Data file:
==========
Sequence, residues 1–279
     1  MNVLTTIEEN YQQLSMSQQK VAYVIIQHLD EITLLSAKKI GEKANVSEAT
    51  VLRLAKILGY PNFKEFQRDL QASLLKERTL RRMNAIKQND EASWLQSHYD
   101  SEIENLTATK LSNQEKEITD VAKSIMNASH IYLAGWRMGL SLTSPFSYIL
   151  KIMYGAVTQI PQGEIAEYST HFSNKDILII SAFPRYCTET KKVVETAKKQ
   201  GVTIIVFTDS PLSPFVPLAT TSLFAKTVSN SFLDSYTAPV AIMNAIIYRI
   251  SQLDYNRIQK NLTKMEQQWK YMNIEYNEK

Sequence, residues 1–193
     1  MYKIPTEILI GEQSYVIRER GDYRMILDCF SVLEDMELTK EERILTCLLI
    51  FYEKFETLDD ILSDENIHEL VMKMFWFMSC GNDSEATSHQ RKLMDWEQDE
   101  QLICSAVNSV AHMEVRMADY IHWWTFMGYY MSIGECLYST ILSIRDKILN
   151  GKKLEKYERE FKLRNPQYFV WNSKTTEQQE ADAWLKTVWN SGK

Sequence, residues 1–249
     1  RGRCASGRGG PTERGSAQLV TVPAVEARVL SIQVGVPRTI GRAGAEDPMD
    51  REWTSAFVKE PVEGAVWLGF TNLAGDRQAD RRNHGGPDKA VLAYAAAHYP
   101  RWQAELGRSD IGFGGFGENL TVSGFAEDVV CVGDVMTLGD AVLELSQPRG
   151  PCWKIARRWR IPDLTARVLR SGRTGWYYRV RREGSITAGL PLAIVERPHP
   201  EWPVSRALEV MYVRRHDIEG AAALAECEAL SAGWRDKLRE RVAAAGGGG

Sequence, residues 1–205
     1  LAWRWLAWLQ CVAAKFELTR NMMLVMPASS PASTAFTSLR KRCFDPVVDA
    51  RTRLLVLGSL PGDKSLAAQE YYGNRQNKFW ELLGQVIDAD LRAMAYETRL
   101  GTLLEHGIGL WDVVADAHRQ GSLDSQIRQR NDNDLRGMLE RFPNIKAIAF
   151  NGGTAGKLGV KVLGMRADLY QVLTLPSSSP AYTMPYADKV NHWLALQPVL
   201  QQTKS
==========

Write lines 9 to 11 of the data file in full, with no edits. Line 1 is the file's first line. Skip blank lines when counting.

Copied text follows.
     1  MYKIPTEILI GEQSYVIRER GDYRMILDCF SVLEDMELTK EERILTCLLI
    51  FYEKFETLDD ILSDENIHEL VMKMFWFMSC GNDSEATSHQ RKLMDWEQDE
   101  QLICSAVNSV AHMEVRMADY IHWWTFMGYY MSIGECLYST ILSIRDKILN